Archaeological Findings Presentation Brings Out A Crowd Thursday, February 28
More than 85 community members, staff, and members of Chief and Council, attended the Lands and Resources’ presentation “Archaeological Investigations at the Bailey Bridge Site” on Thursday, February 28 at Úll̓us Community Complex. Kúkwpi7 Skalúlmecw Chief Dean Nelson, Cultural Technician Johnny Jones, and Douglas College-based anthropologist Bill Angelbeck were on hand to comment on the findings from summer 2018’s archaeological digs, the fourth in a series of digs on Líl̓wat Territory that began in 2015. The February 28 presentation featured the findings of the 2018 dig but also revisited findings of the 2000 and 2007 investigations in the area.
Additionally, the political chief addressed the repatriation of an important Lil̓wat7úl artefact, a Twinfish Bowl that has been returned to Líl̓wat Nation from the Vancouver Museum.
Johnny Jones and Bill Angelbeck spoke to the process of the dig, the area that explored and the findings. The dig took place at the Bailey Bridge site on the Birkenhead River near Yecwláo7 (Lokla), Qwal’ímak (Birkenhead River) and Sptacw (Spetch). The site, which is approximately 7 km from Mount Currie, revealed a village consisting of 13 pit houses, two that are almost 14 metres across. Radio carbon dating, from carbon found in the remains of cooking fires, has revealed the Bailey Bridge site to be approximately 2,600 years old. Among the finding include arrowheads, stone beads, and rock tools.
The Bailey Bridge site continues to be of cultural significance as witnessed by the numerous cedars onsite that have been stripped for weaving. An essential part of the work is connecting Lil̓wat7úl stories and Nt̓ákmen to the findings.
Illustrating this connection, Jonny Jones told a story of the Saínux Clan, a group of half fish/half humans that resided at Sai̓nuk Village, up the Pemberton Valley near Spierings Auto. He told one story that related to the Twinfish Bowl.
“A young man was told that he had to get a twinhead fish if he was going to find love. The boy, who had trained for four years, made a cherry bark rope so he wouldn’t fall into the river. He got the fish. The people told him not to drop the fish into the s7ístken as it would flood the s7ístken. He did this anyway and they all perished.”
All three speakers expressed wonder at the dig, not only for what it revealed but also for what might be revealed as the investigation continues. For example, a collection of artefacts, including a votive candleholder and paper, and a pottery bowl marked “DEER WOMAN” on the bottom, assumed to be less than 50 years old, were also found at the site. Whether these items were ceremonial remains unknown. Angelbeck encouraged anyone with knowledge of the lands usage to come forward and tell their stories.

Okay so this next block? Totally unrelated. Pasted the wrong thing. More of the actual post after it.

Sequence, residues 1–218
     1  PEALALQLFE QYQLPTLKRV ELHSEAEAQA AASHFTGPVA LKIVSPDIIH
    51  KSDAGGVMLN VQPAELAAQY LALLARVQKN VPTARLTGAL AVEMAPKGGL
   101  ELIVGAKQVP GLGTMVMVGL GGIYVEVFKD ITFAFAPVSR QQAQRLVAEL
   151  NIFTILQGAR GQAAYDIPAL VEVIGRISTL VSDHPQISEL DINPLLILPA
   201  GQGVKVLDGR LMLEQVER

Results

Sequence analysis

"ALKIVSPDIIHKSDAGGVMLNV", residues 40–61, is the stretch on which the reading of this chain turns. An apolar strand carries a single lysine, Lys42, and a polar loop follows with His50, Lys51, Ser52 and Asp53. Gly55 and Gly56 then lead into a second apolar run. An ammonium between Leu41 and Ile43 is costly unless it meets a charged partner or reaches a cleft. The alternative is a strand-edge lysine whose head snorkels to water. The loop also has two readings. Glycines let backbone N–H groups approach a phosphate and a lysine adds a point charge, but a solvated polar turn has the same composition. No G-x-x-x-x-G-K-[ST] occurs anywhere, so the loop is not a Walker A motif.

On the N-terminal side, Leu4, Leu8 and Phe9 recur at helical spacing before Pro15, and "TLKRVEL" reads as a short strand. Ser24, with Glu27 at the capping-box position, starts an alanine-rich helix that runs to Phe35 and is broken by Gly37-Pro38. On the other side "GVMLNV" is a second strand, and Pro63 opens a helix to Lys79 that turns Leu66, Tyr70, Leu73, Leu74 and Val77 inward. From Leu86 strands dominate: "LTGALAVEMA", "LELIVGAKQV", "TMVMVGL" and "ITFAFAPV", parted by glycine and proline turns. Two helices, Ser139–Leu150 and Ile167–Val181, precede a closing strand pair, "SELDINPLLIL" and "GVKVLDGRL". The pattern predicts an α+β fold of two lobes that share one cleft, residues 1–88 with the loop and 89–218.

Angelbeck pointed out the Centennial museum has approximately 50 to 60 Lil̓wat7úl statuettes that have been dated between 1,500 and 2,500 years old, reflecting the ages of objects found at the Bailey Bridget site.
After addressing the importance of the Bailey Bridge dig findings, Kúkwpi7 Skalúlmecw turned his attention to the repatriation of a Twinfish Bowl that was housed at the Vancouver Museum.
“This is the beginning of reclaiming our identity and culture,” Kúkwpi7 Skalúlmecw said. “It’s very touching to get this back.”
The return of the item was the result of a letter the chief sent out to a variety of museums in 2018. When he went to retrieve the Twinfish Bowl he was struck by the number of Lil̓wat7úl artefacts the museum had.
“When I saw it [the Twinfish Bowl] on a table with a bunch of other artefacts of ours, I said, ‘Can we take them home?’ They said, “Yes, they’re yours, but we have to verify them.”
Nelson also spoke to local repatriation and how many people residing in the valley may have artefacts in their homes as well as pieces that are in local museums. “These are things that have to come home, come together and be celebrated.”
The use of the Twinfish Bowl is as yet unknown. However, what is certain is that some material was burned in the bowl; the resulting charcoal has been sent out for carbon dating.
The evening, which featured a delicious and diverse potluck dinner, opened with a prayer from Elder Ronnie Lester, who also commented at the end of the evening. Of the reclaimed artefacts he said, “Feel their power, their aura, they are trying to tell you there are more but there is more work to find them. If we really see they will show themselves to us.”
The evening concluded with enthusiastic and uplifting drumming and singing from members of the community and Líl̓wat Nation’s council.
Previous archaeological digs have taken place at Edes Lake, Sampson Creek and Driftwood Bay. Future investigations are planned to take place at Salal Creek, Meager Creek and Signal Hill.
Kukwstumulhckalap to all those who attended the event and the food they shared. It was a special evening and we look forward to more in the future.
Read the entire “Archaeological Investigations at the Bailey Bridge Site” by scrolling through the embedded PDF below. (Due to the size of the file loading may take a moment or two.)